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Sunak battles to keep premiership on track

Westminster dusk
By Jack Olins
27 February 2024
Public Affairs
conservative party

The Prime Minister has endured a challenging start to 2024 and will be hoping he can use next week’s budget as an opportunity to turn around the Conservatives’ fortunes and put his party on the front foot. He has been determined to focus on the economy this year and put it at the centre of his election campaign.

However, recent weeks have seen the Conservatives lose two by-elections, in Kingswood, where Labour overturned a majority of 11,220 and in Wellingborough, where the majority was 18,540.  The 28.5% swing in Wellingborough was the second biggest from the Tories to Labour in any post-war by-election.

This meant the Conservatives have now suffered ten by-election losses in this parliament, more than any other government since the 1960s. There is also likely to be another by-election on the horizon in Blackpool South after Scott Benton was suspended from parliament for 35 days for offering to lobby ministers for the gambling industry.

The Prime Minister has also faced a growing row over Islamophobia in the Conservative party in the past week. The former deputy chairman of the Conservative party, Lee Anderson, was suspended by the party last week for his comments on the Mayor of London, Sadiq Khan, saying “I don't actually believe that the Islamists have got control of our country, but what I do believe is they've got control of Khan and they've got control of London, and they've got control of Starmer as well.” His suspension has increased rumours of a potential defection to the Reform Party.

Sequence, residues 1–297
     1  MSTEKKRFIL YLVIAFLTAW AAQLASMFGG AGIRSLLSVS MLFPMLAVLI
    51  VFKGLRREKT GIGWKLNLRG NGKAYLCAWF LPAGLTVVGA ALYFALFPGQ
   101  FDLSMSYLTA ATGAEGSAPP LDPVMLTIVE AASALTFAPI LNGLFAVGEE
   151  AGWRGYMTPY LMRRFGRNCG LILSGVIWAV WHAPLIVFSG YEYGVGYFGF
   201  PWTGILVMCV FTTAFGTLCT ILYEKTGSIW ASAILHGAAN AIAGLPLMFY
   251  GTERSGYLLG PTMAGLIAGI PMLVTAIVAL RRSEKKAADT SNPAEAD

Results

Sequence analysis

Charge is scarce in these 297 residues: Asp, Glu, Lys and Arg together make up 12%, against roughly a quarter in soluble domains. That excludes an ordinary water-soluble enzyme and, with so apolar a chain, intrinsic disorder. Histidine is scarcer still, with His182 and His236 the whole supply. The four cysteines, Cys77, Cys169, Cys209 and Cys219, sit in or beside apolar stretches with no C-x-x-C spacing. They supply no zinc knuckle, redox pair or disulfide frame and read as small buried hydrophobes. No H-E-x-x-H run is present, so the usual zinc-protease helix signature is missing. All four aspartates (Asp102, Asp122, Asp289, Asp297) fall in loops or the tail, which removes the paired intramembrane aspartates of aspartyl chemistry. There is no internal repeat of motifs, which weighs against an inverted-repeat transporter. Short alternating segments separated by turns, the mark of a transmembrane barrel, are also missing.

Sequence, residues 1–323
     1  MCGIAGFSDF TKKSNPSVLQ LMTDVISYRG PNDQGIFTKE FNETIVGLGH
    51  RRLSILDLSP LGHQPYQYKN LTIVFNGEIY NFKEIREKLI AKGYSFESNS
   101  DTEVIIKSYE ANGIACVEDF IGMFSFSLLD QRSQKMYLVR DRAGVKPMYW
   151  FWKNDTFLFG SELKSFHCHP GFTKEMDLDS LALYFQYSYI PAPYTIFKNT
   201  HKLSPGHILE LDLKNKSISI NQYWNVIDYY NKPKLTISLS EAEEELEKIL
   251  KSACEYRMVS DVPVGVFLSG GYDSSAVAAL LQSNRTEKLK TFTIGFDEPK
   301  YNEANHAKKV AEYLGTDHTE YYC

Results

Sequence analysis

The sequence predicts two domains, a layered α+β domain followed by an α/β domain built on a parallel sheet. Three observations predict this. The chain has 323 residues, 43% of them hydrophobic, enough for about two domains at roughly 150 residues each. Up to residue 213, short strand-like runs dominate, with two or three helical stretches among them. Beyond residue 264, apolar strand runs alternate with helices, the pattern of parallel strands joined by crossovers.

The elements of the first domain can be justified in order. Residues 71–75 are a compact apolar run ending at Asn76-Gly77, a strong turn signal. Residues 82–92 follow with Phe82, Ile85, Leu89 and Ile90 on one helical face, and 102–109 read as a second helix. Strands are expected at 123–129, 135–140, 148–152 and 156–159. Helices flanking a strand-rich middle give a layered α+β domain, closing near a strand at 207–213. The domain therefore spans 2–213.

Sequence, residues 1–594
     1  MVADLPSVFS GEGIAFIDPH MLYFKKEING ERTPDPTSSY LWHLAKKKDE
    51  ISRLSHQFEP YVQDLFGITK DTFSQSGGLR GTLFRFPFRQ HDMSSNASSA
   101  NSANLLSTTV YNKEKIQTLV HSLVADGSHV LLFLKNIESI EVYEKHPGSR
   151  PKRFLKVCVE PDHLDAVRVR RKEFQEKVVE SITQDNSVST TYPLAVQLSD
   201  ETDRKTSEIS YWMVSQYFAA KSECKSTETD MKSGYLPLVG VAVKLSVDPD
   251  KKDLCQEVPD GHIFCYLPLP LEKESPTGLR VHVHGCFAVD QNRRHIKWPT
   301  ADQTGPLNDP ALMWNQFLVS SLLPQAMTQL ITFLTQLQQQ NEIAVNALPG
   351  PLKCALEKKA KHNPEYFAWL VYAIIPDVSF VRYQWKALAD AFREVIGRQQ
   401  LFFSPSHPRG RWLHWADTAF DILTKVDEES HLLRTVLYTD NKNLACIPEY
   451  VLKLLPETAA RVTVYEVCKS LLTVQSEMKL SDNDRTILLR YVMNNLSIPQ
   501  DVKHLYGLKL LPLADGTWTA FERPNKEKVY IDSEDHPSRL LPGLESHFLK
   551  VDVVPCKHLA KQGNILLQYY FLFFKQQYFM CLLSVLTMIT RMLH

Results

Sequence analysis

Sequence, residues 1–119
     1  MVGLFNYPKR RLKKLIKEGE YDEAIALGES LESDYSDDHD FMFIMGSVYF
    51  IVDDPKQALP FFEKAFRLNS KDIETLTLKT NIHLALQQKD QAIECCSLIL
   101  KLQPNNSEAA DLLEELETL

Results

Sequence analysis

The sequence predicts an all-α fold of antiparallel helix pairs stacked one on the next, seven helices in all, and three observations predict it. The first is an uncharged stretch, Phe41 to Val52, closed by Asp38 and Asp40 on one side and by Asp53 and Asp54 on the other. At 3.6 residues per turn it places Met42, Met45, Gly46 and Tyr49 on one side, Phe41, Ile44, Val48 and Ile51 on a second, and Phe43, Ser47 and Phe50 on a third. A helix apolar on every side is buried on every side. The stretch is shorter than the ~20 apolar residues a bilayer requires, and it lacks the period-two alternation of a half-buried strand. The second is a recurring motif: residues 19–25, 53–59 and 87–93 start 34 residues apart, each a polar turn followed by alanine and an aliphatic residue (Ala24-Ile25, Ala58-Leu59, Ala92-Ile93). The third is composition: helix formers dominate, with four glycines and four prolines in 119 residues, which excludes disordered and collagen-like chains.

His comments were in response to an article by Suella Braverman, former Home Secretary, who said “The truth is that the Islamists, the extremists and the antisemites are in charge now.”

It is clear the Prime Minister would like to use the budget to have his government discussing the main issue he wants to focus on, the economy. However, the Prime Minister has tried to reset several times over the course of his premiership, most recently during the Conservative Party conference in October last year when he positioned his party as the party of a change despite being the fifth Conservative Prime Minister since 2010.

He also hoped last year’s Autumn Statement, in November, would be “an autumn statement for growth”, with tax cuts for business investment and to National Insurance contributions. However, this had limited impact on the public as the end of last year saw the Conservatives wrapped up in a row over immigration, leading to the resignation of Robert Jenrick as Immigration Minister in protest at the government’s Rwanda policy.

These moves have had little effect on the polls and Labour remain comfortably ahead of the Conservatives so the budget is one of Sunak’s last hopes to make a significant impact.

The Prime Minister has seemed unable to dictate the agenda as he would have wished during his time in office and recent weeks have shown no let up to this trend. Every by-election loss raises questions about his performance as Prime Minister and many of his MPs and rival sections of the party seem to be more focused on what the Conservative party will look like in opposition.